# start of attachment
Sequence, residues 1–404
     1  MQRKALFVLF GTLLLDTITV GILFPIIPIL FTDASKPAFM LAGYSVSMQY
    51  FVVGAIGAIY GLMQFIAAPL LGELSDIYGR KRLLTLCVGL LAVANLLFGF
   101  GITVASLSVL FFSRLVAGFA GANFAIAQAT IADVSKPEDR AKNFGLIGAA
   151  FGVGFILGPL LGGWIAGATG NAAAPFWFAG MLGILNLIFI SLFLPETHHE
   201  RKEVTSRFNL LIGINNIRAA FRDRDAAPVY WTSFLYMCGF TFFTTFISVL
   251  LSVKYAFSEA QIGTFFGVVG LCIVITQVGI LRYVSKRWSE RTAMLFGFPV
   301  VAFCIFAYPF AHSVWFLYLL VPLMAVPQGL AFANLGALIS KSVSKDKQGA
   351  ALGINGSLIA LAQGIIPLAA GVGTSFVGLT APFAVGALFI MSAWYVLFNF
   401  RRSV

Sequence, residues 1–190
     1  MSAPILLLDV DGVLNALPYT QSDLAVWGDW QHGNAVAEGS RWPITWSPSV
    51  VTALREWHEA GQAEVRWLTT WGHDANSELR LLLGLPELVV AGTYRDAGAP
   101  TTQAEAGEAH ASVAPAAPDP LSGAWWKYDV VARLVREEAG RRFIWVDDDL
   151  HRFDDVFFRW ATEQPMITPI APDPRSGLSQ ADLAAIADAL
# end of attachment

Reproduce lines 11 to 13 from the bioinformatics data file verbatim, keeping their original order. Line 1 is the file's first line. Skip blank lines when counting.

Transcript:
Sequence, residues 1–190
     1  MSAPILLLDV DGVLNALPYT QSDLAVWGDW QHGNAVAEGS RWPITWSPSV
    51  VTALREWHEA GQAEVRWLTT WGHDANSELR LLLGLPELVV AGTYRDAGAP